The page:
It’s tough to recall the exact moment I first discovered Baseball Press, but I do know it’s been a daily stop the past two seasons, and with good reason. In standard leagues, you might be able to get away with a set it and forget it approach. But for those of us in deeper leagues, ones where platoon and part-time players have value, the aggregation provided by Baseball Press is invaluable.
Some of the features Baseball Press offers include lineup information almost as it happens, probable starting pitchers, recent bullpen pitch counts, a log of the recent lineups for all 30 teams, and weather reports for that day’s games. I recently sat down (across the interwebs) with one of the founders and operators of Baseball Press, Reggie Yinger, to get the story behind the site, and to find out where it’s headed next.
Q: How did Baseball Press begin? Was there a void you saw for the information you present, or was this information you saw elsewhere that you thought could be presented better?
Yinger: Baseball Press began in the summer of 2009. I approached a friend who is also a computer programmer and wanted to create my own fantasy baseball site. Previously, I had written baseball articles for other websites, but really wanted the freedom to do my own thing. I think we saw a void in baseball sites as most have a “cookie-cutter” feel and we wanted to get away from that, providing a unique and different approach.
How many users do you guys currently have? How much has it grown since 2009? And was it slow and steady, or was there a period in which you saw a large uptick in traffic?
Yinger: According to our analytics, just under 100,000 people have come to Baseball Press in April. However, since we don’t sell anything, we focus more on page views and feedback to determine user interest rather than isolating users, so the growth we view is based on traffic not users. And based on traffic, we saw a substantial jump in traffic in 2009 when we decided to do lineups, and it’s been doubling every year since then.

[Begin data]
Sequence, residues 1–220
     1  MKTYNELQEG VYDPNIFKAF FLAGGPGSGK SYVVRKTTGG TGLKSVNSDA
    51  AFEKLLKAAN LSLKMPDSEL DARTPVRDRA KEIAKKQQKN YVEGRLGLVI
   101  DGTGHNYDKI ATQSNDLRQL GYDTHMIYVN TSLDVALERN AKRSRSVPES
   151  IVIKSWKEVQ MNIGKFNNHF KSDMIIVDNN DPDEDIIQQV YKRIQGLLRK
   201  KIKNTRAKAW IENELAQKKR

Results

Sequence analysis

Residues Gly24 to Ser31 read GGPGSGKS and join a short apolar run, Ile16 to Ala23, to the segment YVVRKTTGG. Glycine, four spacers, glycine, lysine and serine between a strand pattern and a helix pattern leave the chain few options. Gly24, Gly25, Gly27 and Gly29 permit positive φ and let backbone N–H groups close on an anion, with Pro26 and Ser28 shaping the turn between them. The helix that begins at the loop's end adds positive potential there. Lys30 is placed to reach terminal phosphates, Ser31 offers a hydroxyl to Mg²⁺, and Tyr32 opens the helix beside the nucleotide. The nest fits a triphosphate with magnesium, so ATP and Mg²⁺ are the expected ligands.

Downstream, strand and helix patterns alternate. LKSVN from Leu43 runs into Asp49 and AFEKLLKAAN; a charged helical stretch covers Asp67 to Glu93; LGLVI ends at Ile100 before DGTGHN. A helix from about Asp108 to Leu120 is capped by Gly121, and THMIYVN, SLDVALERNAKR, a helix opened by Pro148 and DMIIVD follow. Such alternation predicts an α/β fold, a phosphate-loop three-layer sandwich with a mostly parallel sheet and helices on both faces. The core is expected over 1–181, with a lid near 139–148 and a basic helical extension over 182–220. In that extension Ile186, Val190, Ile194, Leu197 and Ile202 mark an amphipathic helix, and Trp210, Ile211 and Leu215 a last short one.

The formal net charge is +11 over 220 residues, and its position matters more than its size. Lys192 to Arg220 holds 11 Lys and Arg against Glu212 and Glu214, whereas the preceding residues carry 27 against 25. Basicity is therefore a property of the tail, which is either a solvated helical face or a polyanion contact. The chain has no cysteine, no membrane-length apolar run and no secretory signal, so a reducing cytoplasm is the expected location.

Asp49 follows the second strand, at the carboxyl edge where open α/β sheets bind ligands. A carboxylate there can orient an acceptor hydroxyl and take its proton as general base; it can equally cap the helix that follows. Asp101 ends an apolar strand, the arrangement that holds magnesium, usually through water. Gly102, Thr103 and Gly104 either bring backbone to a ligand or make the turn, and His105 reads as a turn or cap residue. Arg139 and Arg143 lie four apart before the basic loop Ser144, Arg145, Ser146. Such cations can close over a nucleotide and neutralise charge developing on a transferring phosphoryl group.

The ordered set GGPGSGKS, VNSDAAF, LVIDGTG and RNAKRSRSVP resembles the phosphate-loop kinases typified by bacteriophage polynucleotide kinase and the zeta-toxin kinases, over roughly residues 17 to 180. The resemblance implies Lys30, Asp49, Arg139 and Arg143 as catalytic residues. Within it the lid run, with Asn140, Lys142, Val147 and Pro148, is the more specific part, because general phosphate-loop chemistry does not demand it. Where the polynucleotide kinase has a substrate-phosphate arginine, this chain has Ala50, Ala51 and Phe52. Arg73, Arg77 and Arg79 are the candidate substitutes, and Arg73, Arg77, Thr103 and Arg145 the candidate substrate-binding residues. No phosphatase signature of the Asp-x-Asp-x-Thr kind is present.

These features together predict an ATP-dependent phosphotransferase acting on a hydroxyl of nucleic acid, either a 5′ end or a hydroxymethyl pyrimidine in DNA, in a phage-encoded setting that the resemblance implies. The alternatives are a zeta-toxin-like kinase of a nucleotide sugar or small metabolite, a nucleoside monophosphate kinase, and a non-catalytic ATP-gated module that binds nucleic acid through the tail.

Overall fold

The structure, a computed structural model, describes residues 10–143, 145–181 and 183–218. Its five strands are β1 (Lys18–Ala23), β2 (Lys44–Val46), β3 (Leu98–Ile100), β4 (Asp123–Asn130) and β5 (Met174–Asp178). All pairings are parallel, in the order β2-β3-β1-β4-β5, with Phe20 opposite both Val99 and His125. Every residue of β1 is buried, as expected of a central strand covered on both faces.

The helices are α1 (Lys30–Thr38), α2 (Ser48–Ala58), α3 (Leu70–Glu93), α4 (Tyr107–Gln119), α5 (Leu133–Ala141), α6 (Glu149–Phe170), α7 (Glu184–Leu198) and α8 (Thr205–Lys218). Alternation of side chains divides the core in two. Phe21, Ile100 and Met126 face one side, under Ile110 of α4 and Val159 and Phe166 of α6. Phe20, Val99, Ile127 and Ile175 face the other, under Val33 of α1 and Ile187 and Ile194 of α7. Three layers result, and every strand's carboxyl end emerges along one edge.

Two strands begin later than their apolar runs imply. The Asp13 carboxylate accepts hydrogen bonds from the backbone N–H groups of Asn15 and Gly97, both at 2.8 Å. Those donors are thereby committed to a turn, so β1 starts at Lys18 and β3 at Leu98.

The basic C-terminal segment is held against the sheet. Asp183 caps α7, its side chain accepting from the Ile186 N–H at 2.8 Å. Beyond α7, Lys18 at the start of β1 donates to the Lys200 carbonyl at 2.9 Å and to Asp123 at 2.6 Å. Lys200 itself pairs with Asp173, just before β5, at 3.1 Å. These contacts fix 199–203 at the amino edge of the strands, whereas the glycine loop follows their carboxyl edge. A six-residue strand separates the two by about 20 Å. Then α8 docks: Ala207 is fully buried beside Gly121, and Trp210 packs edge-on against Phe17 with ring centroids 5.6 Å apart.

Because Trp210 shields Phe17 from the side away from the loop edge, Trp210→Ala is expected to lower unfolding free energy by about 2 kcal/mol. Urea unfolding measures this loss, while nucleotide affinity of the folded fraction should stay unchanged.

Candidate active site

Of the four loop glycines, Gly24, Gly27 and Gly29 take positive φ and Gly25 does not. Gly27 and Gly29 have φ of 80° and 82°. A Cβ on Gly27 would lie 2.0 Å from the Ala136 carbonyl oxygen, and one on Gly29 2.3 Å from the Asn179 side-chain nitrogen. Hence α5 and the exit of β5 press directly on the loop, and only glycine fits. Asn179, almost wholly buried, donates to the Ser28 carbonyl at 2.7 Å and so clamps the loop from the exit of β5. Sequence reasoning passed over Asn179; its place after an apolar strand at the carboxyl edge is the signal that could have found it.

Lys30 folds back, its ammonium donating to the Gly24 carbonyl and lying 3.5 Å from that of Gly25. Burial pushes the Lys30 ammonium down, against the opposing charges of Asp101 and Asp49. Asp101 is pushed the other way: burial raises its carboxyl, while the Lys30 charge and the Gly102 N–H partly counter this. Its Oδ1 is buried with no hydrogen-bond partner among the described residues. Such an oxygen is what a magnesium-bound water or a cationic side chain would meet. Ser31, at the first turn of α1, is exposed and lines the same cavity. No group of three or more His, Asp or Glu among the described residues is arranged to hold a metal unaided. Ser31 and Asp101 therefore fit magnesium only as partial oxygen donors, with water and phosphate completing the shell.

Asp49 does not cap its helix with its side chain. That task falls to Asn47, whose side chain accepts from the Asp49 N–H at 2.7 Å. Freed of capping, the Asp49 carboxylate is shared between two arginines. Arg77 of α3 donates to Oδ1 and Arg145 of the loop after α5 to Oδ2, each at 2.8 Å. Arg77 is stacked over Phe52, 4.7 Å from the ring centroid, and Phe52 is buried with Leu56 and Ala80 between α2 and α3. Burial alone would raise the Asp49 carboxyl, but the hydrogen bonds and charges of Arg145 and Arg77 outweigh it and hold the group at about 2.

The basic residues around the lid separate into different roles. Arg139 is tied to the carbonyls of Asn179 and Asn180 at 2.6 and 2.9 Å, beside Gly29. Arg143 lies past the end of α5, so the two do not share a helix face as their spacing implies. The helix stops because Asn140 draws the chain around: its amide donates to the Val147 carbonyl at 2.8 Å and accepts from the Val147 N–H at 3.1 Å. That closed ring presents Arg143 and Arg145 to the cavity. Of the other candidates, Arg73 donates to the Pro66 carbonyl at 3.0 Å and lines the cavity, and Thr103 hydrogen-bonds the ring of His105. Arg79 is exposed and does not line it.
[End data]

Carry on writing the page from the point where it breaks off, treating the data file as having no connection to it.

What were your original intentions for the site when it began? How has it evolved since?
Yinger: Good question. I think the original intent in 2009 was to have a website where myself and other potential writers could write about fantasy baseball and have an “anything goes” mentality. We tried to focus on “fantasy baseball” but really wanted to write about anything baseball related. I thought we might write a few articles here and there, and to be honest, I thought the “coolness” of a website might die out. However, we first added lineup information to the website in 2011 and have really focused on helping fantasy baseball players since 2011. We added all MLB lineups in 2011, the My Lineup feature in 2012, and then the Bullpen Usage report in 2013. So yeah, I would say we have evolved to helping fantasy baseball players (like myself).
How the sausage is made: how does Baseball Press work? Is it updated manually when you find lineups posted online? Do you have go-to sources? Or is it automated in some way? How long does it take for lineups to be posted before they appear on Baseball Press?
Yinger: The sausage is made quite easily. I first designed the lineup concept during spring training in 2011 and it was originally updated manually. However, as you can imagine, this resulted in constantly having someone watch lineup information in case of scratches. However, after myself and the other co-founder noticed that the MLB Lineups feature was catching on, we decided to do some computer programming and automate the process. We use multiple sources that consist of beat writers and team affiliated accounts, with a majority of the information coming from Twitter. We typically hope to have lineups for all games within our system and on the website 3-4 hours before the game and we feel like we accomplished this. However, in some cases, we may post a lineup an hour before the game, depending on the source.